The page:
Perpetuity in Vermont: New Recommendations

VT Digger, an online news site, has published commentary by Vermont Law School professors John Echeverria and Janet Milne aimed at ensuring the perpetual nature of conservation easements. Their work was also featured in a Valley News front page story earlier this week.

Textblockperpetuitypost2Echeverria’s and Milne’s work stems from legislative testimony in 2014 when a proposed law about modifying conservation easements was vigorously debated. Echeverria and Milne objected to the proposed law (which ultimately did not proceed*) and were asked if they would be willing to recommend an alternative. A website, Vermont Perpetual Easements, contains the results of their efforts: a summary of relevant law, guiding principles and recommended rules, standards and procedures. We note that the recommendations are similar in many ways to the practices of New Hampshire and Maine, where State Attorney General’s Offices have an oversight role in protecting the public trust inherent in perpetual conservation easements.

UVLT agrees that statutes governing conservation easements should be strengthened and clarified. At present, a patchwork of legal regimes apply to Vermont conservation easement deeds. Property law, contract law and charitable gift laws all may be relevant in any given situation. For many landowners, the conservation easement is the single largest charitable gift they will ever make. Even landowners who are paid for their conservation easements give up significant opportunities for themselves and their heirs.  Voluntary land conservation cannot happen without a great amount of landowner trust — the landowners will not live forever to hold land trusts accountable to their promises. That’s why judicial oversight of charitable gifts is important.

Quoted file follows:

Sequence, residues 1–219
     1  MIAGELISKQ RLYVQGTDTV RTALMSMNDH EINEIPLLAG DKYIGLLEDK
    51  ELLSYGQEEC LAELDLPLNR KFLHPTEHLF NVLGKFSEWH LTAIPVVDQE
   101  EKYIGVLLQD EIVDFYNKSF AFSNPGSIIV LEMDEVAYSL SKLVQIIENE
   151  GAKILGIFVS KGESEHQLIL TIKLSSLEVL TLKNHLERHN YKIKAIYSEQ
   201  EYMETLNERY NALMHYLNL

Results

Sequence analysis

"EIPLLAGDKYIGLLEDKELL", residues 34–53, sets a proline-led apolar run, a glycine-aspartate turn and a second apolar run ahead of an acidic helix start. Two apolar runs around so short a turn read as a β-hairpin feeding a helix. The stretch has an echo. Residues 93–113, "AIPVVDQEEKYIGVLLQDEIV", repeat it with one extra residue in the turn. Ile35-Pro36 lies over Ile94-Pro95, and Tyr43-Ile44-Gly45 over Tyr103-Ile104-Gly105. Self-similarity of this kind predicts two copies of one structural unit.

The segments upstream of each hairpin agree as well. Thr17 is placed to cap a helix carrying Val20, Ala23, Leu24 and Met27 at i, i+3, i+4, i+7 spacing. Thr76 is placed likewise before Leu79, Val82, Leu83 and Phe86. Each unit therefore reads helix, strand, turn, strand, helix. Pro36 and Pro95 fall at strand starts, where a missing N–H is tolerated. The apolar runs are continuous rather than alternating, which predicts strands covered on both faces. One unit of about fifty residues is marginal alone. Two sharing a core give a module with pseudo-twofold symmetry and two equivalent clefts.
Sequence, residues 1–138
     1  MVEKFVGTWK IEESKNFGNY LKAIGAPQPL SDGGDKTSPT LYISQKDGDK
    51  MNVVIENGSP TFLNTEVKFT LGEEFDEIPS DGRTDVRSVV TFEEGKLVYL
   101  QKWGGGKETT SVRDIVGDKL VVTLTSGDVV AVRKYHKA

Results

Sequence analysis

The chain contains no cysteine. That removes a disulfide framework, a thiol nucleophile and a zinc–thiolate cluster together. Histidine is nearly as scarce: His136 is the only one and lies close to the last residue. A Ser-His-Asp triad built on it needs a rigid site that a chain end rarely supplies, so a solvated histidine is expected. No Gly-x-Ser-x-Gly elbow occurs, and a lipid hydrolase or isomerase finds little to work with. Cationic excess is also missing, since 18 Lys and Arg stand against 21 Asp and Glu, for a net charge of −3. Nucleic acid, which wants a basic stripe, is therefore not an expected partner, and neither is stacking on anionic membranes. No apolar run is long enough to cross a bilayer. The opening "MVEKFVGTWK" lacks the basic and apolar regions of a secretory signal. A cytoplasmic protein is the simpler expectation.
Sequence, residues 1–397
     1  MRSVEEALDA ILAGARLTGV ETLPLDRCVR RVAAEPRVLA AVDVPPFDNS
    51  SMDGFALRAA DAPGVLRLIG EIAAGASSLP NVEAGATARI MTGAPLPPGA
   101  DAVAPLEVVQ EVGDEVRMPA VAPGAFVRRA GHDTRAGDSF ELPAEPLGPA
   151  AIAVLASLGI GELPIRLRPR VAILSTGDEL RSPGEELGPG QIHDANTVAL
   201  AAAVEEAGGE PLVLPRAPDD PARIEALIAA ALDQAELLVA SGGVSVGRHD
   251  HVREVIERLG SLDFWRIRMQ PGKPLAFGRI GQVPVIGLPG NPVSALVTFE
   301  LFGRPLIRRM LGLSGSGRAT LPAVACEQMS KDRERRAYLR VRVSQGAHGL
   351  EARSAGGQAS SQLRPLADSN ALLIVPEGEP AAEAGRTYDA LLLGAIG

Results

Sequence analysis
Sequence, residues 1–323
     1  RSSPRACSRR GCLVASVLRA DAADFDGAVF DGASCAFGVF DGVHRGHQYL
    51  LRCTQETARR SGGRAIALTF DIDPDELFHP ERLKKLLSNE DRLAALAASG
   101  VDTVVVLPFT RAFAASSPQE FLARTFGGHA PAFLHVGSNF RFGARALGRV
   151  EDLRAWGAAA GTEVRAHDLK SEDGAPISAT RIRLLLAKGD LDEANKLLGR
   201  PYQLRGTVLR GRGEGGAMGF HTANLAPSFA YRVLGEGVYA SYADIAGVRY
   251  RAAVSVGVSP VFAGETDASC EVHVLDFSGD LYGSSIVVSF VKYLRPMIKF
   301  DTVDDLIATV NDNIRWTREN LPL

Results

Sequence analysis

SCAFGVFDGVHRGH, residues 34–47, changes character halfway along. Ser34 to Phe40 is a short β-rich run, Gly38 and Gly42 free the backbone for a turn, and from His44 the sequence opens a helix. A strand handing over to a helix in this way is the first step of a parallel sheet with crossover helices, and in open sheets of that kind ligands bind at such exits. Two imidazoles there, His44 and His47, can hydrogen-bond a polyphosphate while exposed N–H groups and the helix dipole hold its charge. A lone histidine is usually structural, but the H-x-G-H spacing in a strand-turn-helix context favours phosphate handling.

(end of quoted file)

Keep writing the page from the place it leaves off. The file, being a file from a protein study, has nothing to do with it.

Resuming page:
We welcome discussions about how best to ensure the integrity of Vermont conservation easements and safeguard the intentions and promises of landowners and land trusts so that land conservation gifts and investments are fully protected by state law.

*A summary of the law proposed in 2014 and UVLT’s concerns about it is here.